While doing a little research on things international, I found that the Nordic Council's website had some detailed info on its logo. After a little digging, there's a Design Manual (in Danish) linked at the bottom of the webpage. On page 50 of the PDF is given the "Nordisk Ministerråd og Nordisk Råds official flag, 3 x 2 m" or in English "Nordic Council of Ministers and Nordic Council official flag, 3 x 2 m(eters)." The logo's official color is Pantone 280 (CMYK 100/72/0/18; RGB 12/37/119; Hex #0C2577). It's worth noting that there are 2 versions of the logo, one which says "Norden" for use in the Swedish, Danish, Norwegian, Icelandic and English languages and the other which says "Pohjola" for use in the Finnish language, though "Norden" is also used in the Finnish sphere. It's also worth noting that with the color specs, the Pantone and CMYK color spaces provide a brighter blue than the RGB and HEX color spaces do.
Brian Ellis, 10 March 2008

Background and Use of the Symbol

The swan - The official symbol of Nordic cooperation

The swan with eight wing feathers was adopted as the official symbol of the Nordic Council and the Nordic Council of Ministers in November 1984. The symbol represents the five Nordic countries, Denmark, Finland, Iceland, Norway, and Sweden, and the three self-governing territories of the Faeroe Islands, Greenland and Aland. The swan was designed by Finnish artist Kyösti Varis. The symbol was used officially for the first time at the session of the Nordic Council in Reykjavik in March 1985.

The swan is found on all kinds of official printed matter of the Nordic Council and the Nordic Council of Ministers, ranging from letter-paper and envelopes to brochures and publications. The swan is also used by the official Nordic institutions and organs of cooperation.

The Nordic Council and the Nordic Council of Ministers have decided on guidelines for the use of the symbol. These guidelines determine what the symbol looks like, and in what circumstances it may be used. This folder contains these guidelines.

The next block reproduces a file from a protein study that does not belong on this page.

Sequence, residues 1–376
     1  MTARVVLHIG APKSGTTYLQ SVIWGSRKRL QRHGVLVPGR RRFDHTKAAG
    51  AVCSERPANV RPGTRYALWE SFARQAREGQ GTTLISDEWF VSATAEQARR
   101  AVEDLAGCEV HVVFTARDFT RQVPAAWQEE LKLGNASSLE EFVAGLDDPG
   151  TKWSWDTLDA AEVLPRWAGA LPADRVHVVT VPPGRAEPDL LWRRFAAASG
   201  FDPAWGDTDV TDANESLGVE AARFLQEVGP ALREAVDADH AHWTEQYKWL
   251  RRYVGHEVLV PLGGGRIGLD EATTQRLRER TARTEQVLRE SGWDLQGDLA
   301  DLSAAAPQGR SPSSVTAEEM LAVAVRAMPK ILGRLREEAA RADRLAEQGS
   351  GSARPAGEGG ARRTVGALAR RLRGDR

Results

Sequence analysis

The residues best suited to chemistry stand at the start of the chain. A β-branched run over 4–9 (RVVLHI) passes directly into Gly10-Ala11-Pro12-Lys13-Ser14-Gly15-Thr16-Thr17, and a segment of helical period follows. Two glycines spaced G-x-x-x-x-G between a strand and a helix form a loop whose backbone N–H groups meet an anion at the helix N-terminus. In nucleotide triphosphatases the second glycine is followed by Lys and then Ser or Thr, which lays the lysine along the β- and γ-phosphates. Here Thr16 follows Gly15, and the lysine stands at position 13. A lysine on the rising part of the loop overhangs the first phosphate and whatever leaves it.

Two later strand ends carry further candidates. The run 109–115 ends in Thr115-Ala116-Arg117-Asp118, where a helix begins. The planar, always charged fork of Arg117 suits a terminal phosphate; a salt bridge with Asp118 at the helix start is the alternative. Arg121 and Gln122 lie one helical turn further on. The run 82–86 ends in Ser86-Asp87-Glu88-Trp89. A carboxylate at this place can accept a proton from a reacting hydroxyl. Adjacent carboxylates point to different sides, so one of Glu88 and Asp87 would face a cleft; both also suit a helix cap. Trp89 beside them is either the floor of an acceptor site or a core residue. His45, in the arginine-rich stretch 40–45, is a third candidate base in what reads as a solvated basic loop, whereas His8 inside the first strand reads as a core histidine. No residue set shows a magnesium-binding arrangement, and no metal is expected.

Guidelines for the symbol of the Nordic Council and the Nordic Council of Ministers

1 Definition
By the Nordic symbol is meant the emblem that shall symbolize the official Nordic cooperation, and which the Nordic Council/ Nordic Council of Ministers has announced through WIPO.

2 Description of the Nordic symbol
The Nordic symbol is a white swan with 8 wingspans on a marine blue, circular field (Color: Pantone Reflex Blue C). If needed, the symbol may also be used in other marine blue colors (approximating Pantone Reflex Blue C) or in black.

3 Legal protection
The Nordic symbol is legally protected according to the Paris Convention for the Protection of Industrial Property Art. 6 ter. The Nordic Council may enter into agreement with the designer as to eventual changes in the symbol.

4 Who may use the symbol
The Nordic Council, the Nordic Council of Ministers and common Nordic institutions that are wholly or partly funded over the budget of the Nordic Council of Ministers have the right to use the Nordic symbol. Unless there is agreement from the artist that has the copyright to the symbol, it must not be used in other colors and/or with a different shape from that described in 2.

5 Use of the symbol by others
Without permission, the symbol must not be used by others than those described in 4. Permission to use the Nordic symbol may normally only be granted to others that are engaged in ideal work or activity, whose aims are within the frame of the goals of the official Nordic cooperation. The symbol must not, as a main rule, be used as part of commercial activity by others than the Nordic Council and the Nordic Council of Ministers.

6 Procedures
Institutions mentioned in 4 that want to use the symbol in different colors or shapes than mentioned in 2, must apply for permission. Others than those mentioned in 4, that wish to use the Nordic symbol, must apply for permission. With applications shall be enclosed the statutes of the activities and an overview of past and future activities. The Secretary of the Presidium decides on the application as mentioned in section 1 and 2 of this article, on behalf of the Nordic Council. Before decision is made, an application may be submitted to the Secretary General of the Nordic Council of Ministers for his opinion.

7 Complaints
The President of the Nordic Council decides on any complaints concerning the decisions made by the Secretary of the Presidium

Mark Sensen and Jan Oskar Engene, 11 March 1998